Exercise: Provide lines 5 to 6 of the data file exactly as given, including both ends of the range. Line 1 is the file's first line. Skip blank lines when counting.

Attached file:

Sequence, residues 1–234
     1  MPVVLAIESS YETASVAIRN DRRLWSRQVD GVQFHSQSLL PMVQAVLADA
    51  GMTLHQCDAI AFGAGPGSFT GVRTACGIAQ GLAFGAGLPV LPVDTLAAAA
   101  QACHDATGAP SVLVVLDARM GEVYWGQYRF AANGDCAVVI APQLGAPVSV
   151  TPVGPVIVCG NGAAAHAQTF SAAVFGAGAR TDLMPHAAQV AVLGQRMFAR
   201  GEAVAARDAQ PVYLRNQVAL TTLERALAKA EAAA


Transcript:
   151  TPVGPVIVCG NGAAAHAQTF SAAVFGAGAR TDLMPHAAQV AVLGQRMFAR
   201  GEAVAARDAQ PVYLRNQVAL TTLERALAKA EAAA